LP Spoiler Screws

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  #1  
Old 02-01-03, 08:56 AM
busterm
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Propane Flame Color

I have two 13 yr old upflow, high efficiency propane furnaces. One has solid blue flames while the other has some yellow mixed in with the blue. The latter is the downstairs unit which has seen much heavier duty but still relatively light because we keep our house pretty cold.

Should I worry about the yellow? Can I make some adjustments or should I call a pro?
 
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  #2  
Old 02-01-03, 09:46 AM
fjrachel
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Have the furnace serviced. More than likely the burners just need cleaning.
 
  #3  
Old 02-01-03, 02:18 PM
busterm
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Thanks. I don't mind getting it serviced but diassembly/cleaning/reassembly of the burners seems pretty simple compared to many of the diy'er projects completed here. What am I missing? What are some of the pitfalls in trying to do this myself? I'm sure your advice here will also benefit others who may attempt to do something they shouldn't.

When I arrange for service, what should I have done? For example, should I have the primary & secondary heat exchangers cleaned or wait until there is evidence of fouling? As you know better than I, sometimes preventative maintenance causes more problems than it solves.
 
  #4  
Old 02-01-03, 03:17 PM
fjrachel
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You can probably clean them yourself, there's not much to it. Turn off gas and electric. Remove burners and clean with wire brush. You also may want to check the manifold burner orifices for insect webs and such. They can be unscrewed from the burner manifold for inspection.
 
  #5  
Old 02-02-03, 03:55 AM
busterm
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The folks at hvac-talk have me totally gun-shy about working on my gas furnace so I'm not pushing to do anything that could create a safety problem. Please answer these questions to help me decide:

1. Should I even be concerned about some yellow in the burner flame?

2. What else could cause this besides a dirty burner, for example low gas pressure?

3. Are there other reasons to get preventative service, for example heat exchanger inspection/cleaning?
 
  #6  
Old 02-05-03, 06:17 PM
busterm
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LP Spoiler Screws

From previous posts you may know I am trying to understand why the main furner flames in one of my LP furnaces has some yellow and is a little "lazy' compared to my other furnace (same Model with lower BTU output) which has pure blue, high velocity flames. Both units were field converted for use with propane. Part of the conversion calls for "spoiler screws" to be installed in a hole on top of each burner. These #6, 3/4" long screws are perpendicular to the gas flow. The contractor installed the screws on the unit with good flames but did not install them on the unit with bad flames. This is the first time in 13 yrs I have bothered to observe the main burner flames so I don't know if they have always been somewhat yellow and lazy.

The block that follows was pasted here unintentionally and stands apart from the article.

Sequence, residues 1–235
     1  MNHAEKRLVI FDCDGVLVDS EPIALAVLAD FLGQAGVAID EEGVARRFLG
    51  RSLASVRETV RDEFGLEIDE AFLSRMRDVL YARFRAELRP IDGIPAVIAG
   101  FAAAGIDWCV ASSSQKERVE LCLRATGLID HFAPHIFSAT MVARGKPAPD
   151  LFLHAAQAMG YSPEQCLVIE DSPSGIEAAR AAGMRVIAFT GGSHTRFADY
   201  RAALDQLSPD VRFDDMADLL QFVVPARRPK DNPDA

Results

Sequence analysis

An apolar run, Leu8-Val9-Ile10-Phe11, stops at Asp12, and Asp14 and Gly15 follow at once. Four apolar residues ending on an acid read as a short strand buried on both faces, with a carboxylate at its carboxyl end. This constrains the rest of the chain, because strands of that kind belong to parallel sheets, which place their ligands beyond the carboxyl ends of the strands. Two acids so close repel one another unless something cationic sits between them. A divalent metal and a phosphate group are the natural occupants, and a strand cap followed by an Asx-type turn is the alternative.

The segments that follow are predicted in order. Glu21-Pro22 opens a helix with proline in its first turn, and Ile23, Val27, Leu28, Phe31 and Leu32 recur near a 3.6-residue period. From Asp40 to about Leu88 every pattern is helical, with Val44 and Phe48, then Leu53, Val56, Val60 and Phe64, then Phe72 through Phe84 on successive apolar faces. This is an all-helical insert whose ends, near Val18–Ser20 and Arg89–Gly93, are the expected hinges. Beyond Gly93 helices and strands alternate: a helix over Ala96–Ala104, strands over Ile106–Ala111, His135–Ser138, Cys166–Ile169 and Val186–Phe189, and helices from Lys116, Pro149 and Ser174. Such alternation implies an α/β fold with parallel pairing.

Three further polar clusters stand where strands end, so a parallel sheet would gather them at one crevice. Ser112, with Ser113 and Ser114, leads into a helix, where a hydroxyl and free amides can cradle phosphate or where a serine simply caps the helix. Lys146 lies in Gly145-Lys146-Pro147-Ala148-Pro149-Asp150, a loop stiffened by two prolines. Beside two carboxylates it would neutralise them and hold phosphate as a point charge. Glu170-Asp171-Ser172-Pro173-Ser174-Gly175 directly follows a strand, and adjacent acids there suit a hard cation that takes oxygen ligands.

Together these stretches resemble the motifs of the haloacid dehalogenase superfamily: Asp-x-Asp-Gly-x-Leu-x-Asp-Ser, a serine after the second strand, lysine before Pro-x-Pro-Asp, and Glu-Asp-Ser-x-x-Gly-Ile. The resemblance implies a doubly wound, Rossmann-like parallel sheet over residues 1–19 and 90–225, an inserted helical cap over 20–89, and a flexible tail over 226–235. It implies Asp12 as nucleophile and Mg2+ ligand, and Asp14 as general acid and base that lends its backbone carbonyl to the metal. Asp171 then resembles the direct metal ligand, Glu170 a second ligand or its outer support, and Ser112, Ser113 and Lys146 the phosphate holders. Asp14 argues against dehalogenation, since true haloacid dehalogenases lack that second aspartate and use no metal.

I plan to install the spoiler screws when I install a new pilot sensing switch and will let you all know if they make a difference.

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Last edited by Sharp Advice; 02-06-03 at 06:37 AM.
  #7  
Old 02-06-03, 07:20 AM
Ed Imeduc's Avatar
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FURNACE

You dont say for sure. Have you checked the lp gas W/C pressure at the units when they were fired off.Also is the gas line to this unit the right size? yes you do need the spoiler screws. ED
 
  #8  
Old 02-07-03, 10:15 AM
busterm
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Thanks Ed. Main burners are firing great now. Burners were pretty rusted after 13 yrs. In addition to cleaning burners I installed spoiler screws. Because I did two things I'm not sure how much each contributed but I suspect burner cleaning was the bigger factor.

What do those spoiler screws do anyway? Create turbulence to get better combustion pattern? Do you think operating 13 yrs without spoiler screws did any damage other than lower efficiency?
 
  #9  
Old 02-07-03, 10:32 AM
Ed Imeduc's Avatar
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FURNACE

You answered your own ????????????????????????But dont make the flame to hard when you set it. You want just a very very small tip of yellow on it. Like you see it and then you dont ED
 
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